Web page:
Supporters of supply chain technology see the slow-down in production and a slower rate of growth in inventories as evidence that B2B Internet technologies finally kicked in, enabling manufacturers and distributors to get a handle on inventory and supply chain management problems. Others argue that there still aren't enough companies with end-to-end supply chain management and e-logistics systems in place to have made a difference. But they point out that, like Cicso or Nortel Networks, a key component of these networked systems, demand forecasting, either failed miserably or came online too late to do any good.
The ugly truth is that inventories are bulging with more than $1.2 trillion worth of materials and finished goods. Barring a miracle, reasonable projections peg recovery at 12 to 18 months while demand and supply catch up with each other. It takes perfect information to have perfect inventory balance, says Chuck Lounsbury, Ryder's senior vice president for global electronics, high-tech and telecommunications. We're a long way from it, but we're on the way to doing a better job. One of the things we use is knowledge management. We'll capture the best practices we use and adapt them to a particular industry.
As an example, Ryder is building a significant postponement program in Singapore for Hewlett-Packard. It takes a standard HP printer and configures it specifically for each of HP's markets. The same process is employed in configuring Caterpillar's forklifts and Wal-Mart's computers. According to Lounsbury, A retailer can put [items] right on the shelf. We did a program for Wal-Mart. Many of its customers were first-time computer buyers and didn't want to buy components. We did a kitting operation where we packaged everything in one box. The boxed computers are priced and ready to stock by the time they reach the stores.
While the renewed faith in Ryder has a lot to do with its restructuring, it has everything to do with its logistics strategy. As we're now learning, efficiency and recession are no longer mutually exclusive like they were throughout the 1970s and 1980s. And as we're about to learn, outsourcing non-core business functions is a long-term feature of the competitive landscape. e-Logistics, properly executed, is seen as the key to balancing demand and supply, protecting individual companies and the economy as a whole from getting stung by future downturns. (And rest assured, there will be others.)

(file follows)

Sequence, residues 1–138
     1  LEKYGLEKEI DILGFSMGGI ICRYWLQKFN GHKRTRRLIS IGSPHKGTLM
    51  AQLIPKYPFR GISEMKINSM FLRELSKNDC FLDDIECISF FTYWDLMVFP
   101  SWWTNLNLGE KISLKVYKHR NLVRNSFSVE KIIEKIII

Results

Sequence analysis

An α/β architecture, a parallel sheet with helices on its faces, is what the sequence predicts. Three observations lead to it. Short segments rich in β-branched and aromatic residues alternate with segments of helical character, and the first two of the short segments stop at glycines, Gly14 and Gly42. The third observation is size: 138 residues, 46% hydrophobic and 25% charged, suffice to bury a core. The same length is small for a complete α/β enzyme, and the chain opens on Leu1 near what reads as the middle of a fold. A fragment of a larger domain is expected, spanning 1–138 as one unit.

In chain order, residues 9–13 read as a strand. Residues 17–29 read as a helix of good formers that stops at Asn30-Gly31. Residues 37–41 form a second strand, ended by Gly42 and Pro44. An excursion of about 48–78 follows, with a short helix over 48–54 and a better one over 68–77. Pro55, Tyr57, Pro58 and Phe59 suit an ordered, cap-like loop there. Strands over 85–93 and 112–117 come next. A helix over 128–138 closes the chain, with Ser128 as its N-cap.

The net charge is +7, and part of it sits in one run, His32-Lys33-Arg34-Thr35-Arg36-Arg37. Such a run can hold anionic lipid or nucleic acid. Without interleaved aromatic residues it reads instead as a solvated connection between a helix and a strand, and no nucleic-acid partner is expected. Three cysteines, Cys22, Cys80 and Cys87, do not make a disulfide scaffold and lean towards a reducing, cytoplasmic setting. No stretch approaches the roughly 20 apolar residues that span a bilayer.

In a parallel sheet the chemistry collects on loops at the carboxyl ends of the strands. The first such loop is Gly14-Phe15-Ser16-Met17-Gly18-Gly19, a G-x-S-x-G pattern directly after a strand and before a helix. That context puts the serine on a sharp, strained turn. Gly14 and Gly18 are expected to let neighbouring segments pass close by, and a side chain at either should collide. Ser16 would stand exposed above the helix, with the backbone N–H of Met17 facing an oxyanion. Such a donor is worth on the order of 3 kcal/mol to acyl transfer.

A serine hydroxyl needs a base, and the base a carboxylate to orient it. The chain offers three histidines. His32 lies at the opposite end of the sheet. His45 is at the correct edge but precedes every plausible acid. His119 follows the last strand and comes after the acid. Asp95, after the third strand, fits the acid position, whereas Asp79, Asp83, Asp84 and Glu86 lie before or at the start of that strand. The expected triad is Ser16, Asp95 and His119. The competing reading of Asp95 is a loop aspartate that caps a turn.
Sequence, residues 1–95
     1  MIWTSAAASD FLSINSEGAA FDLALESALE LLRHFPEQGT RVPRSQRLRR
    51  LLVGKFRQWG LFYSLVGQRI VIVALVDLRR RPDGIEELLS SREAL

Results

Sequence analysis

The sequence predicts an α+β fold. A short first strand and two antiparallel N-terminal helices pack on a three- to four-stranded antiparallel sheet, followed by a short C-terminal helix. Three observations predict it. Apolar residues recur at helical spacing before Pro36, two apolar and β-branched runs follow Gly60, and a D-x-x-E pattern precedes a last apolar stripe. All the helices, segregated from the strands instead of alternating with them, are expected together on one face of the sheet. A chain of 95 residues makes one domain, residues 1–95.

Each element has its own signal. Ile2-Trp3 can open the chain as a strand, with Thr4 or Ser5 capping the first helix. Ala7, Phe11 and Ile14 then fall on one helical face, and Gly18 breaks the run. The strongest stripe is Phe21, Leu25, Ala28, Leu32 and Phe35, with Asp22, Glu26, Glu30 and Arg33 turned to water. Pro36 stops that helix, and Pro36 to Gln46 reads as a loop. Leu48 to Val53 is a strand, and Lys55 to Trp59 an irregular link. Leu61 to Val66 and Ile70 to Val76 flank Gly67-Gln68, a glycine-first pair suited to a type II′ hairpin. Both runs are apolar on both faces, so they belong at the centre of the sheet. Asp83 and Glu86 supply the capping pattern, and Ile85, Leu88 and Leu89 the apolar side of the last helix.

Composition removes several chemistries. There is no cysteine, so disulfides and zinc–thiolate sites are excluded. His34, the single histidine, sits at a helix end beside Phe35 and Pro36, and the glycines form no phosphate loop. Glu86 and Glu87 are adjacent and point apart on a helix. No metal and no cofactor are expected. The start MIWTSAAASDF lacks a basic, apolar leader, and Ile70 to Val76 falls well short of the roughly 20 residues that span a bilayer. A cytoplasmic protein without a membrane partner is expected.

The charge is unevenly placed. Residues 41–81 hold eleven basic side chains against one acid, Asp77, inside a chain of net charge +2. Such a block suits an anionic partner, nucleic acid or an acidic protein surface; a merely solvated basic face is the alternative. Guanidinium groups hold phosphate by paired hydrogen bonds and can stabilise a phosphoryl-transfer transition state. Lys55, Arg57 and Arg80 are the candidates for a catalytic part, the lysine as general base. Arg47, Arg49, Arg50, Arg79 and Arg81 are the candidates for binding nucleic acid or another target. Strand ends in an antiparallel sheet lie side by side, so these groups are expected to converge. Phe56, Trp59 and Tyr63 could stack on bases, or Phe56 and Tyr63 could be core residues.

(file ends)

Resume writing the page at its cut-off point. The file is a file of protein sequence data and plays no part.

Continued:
The numbers alone show that logistics is big business. Recent estimates suggest that a whopping $921 billion was spent on logistics, or 9.9 percent of GDP. At the same time, most analysts are saying these costs will not come down because organizations are increasingly identifying the logistics and transportation process as being strategic.
The Proper Provider
So, if a transportation and logistics company (or any type of company for that matter) knows it must properly execute its logistics strategy, what does it begin to consider? This decision is often complicated by the continually shifting value proposition of many of the players. AMR Research identifies six Internet-based technology and service providers in this area: Third-Party Logistics providers (3PLs), Fulfillment Service providers (FSP), Lead Logistics providers (LLP), Logistics Software suppliers, Logistics Exchanges (LX), and Logistics Visibility providers.
Before a company wades through the quagmire, itshould ask if it truly wants to outsource the entire logistics function, or merely improve the way it manages its own internal logistics operations. Ryder, which is generally considered a traditional organization, not only e-enabled itself in the logistics arena, but also leveraged its technology and core competency as a truck leasing company. This allowed it to become a service provider with its Integrated Logistics service, which, in turn, classifies it as a Lead Logistics provider. Yes, an array of e-logistics providers exist, but it's no excuse to not choose wisely.